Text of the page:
Last evening, an entrepreneur who has been in business for over a decade, was responding to my blog on the importance of getting to Know Your Customer (KYC). He said that it sounds like a very rigid framework and a lot of work. He was also concerned that it might rob the entire journey as an entrepreneur of spontaneity.
Considering the resistance I have faced on this aspect from other entrepreneurs, I thought it would be useful to address this concern using a live example. It might be a long story and I request you to bear with me and go through it.
A couple of years back, a close relative of mine was suffering from intense shortness of breath that left him panting even when climbing a few stairs. So we approached a neighborhood doctor who suspected it could be the heart and asked him to get it examined by a cardiologist and also take a treadmill test. The cardiologist, after due examination, concluded that his heart was perfectly alright and considering his advanced age, my relative did not go in for a treadmill. Having checked out the condition of the heart, we were back in square one.
Our doctor then suggested getting a 24 slice scan done as it may reveal some abnormality that was undetected by x-ray and physical examination by the cardiologist. When we were about to get that done, I spoke to a well-wisher who is a specialist in child health and he cautioned me against getting these kind of tests done on a whim.
He instead got us an appointment with a leading heart specialist in a reputed hospital for a second opinion. The specialist also did not find anything suspicious and even supported my relative on his interest to go on a long tour. During the trip, he developed severe shortness of breath and couldn’t wait to come to Chennai. Again we went to the heart specialist who after a battery of tests suggested we do another diagnosis to check out the electro-physiology aspect. But given his sudden change in demeanour and the exorbitant amount that this new course was taking, we decided not to go that way.
Back at home, I did some research of possible causes of shortness of breath and saw two other potential reasons. We checked them out quickly and one of the doctors who did the examination casually mentioned if we had checked the hemoglobin content, an area that we had not considered.
And when we did the test in a lab, we found that it was abnormally low and we took some action in terms of blood transfusion and after a week, he was feeling better. Another transfusion a couple of weeks later and he was able to do his activities without feeling any shortness of breath.
I then approached the doctor who had initially suggested the 24 slice scan and shared with him the entire episode. He then told me :”Mr Badri, I had a nagging suspicion it could be related to the heart and hence it slipped my mind to rule out the obvious cause of panting being low hemoglobin levels”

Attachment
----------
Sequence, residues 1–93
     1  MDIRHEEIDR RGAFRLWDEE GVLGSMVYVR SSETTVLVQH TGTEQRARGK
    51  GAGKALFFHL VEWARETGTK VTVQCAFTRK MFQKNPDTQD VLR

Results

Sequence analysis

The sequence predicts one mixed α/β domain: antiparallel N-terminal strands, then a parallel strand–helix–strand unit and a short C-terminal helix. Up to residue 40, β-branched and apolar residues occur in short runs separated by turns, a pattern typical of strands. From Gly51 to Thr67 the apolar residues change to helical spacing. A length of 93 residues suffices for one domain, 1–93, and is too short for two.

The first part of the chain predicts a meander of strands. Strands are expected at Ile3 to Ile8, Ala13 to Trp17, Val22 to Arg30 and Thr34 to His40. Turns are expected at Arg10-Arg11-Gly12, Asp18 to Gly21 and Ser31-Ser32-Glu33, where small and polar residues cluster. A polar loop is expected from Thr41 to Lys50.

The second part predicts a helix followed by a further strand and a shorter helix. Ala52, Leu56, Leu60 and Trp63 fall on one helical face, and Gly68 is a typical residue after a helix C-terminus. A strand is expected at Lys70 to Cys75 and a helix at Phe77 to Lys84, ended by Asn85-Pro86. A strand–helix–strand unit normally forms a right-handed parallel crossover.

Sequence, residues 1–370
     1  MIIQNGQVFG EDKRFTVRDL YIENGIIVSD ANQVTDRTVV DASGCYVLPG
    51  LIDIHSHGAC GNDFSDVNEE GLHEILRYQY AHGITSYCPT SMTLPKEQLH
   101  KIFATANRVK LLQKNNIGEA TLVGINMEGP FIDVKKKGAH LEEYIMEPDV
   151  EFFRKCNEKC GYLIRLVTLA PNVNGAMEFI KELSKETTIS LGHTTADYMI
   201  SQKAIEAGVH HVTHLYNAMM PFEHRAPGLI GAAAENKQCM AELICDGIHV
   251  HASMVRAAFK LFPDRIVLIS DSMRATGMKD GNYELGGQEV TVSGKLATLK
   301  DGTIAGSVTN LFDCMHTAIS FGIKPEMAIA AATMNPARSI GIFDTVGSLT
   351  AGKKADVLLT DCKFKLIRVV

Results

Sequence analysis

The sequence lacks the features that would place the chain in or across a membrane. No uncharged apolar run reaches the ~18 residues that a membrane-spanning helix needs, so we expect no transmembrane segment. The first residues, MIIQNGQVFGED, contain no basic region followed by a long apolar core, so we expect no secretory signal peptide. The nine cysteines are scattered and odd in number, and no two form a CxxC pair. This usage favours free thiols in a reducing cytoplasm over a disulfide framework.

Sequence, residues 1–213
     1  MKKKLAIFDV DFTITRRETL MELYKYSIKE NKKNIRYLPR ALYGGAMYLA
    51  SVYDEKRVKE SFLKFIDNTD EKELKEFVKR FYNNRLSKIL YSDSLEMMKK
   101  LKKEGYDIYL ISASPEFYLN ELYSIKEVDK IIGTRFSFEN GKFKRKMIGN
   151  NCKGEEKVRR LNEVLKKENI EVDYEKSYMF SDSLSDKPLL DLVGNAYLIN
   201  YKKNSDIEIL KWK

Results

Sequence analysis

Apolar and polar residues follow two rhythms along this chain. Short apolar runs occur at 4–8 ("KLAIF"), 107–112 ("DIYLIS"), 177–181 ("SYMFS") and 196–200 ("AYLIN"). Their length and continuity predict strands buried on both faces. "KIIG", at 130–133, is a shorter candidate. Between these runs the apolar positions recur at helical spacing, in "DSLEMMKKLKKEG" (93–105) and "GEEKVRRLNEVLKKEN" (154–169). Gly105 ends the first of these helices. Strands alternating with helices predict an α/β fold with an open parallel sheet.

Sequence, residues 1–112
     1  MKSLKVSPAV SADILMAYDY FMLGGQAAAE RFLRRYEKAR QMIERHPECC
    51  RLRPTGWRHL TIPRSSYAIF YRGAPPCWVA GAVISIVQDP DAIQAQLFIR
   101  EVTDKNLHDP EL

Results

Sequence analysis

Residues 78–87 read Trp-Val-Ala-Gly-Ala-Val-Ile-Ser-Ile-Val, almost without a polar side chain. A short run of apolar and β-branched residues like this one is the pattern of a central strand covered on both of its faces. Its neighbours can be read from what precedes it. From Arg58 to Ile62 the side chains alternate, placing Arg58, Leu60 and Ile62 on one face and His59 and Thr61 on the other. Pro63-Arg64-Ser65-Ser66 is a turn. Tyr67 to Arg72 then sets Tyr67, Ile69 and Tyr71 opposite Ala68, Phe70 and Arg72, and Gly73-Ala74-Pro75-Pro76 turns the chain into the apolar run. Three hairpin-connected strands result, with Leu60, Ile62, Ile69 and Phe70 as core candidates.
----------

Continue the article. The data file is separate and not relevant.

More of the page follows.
How is this relevant to the subject being discussed in the post?
If only the doctor had gone through the basics, he could have saved the patient and the entire family of weeks of trauma and costs of diagnosis.
And as you would have seen in my post of yesterday, if the startup founder had validated his idea before investing time and money in developing the product, he could have saved himself a lot of frustration.
A key part of the validation is some clarity on who the customer is because the idea is actually intended to solve a specific problem of a particular type of customer. What is the relevance of the idea without the context of a customer?
And why is this entrepreneur who asked the question about the relevance of being clear about the customer, unwilling to make an investment of time to do so?
He is, like many other entrepreneurs, perhaps of the opinion that by defining a customer clearly, he is going out to leave out other potential customers and that would mean potential loss of business. Unfortunately, he is not considering the reality that as a startup founder, he has very limited resources of people & money and hence doesn’t have the bandwidth to go after everybody.
Thank you my friend for inadvertently sparking this discussion and this post.
If you have an idea and wanting to get into business to translate that into a product or service, save yourself valuable time and money by getting your idea validated by VoIS even before you take the plunge into the startup journey.
But if you have already done so without validation, then work with us on ExSell to get your fundamentals like defining the target customer, specifying the critical unmet problem and positioning your offering as solving that problem right.
And if you personally know any entrepreneur who is about to or already embarked on a startup journey, I request you to kindly share this post as an early warning signal and save that person from going under.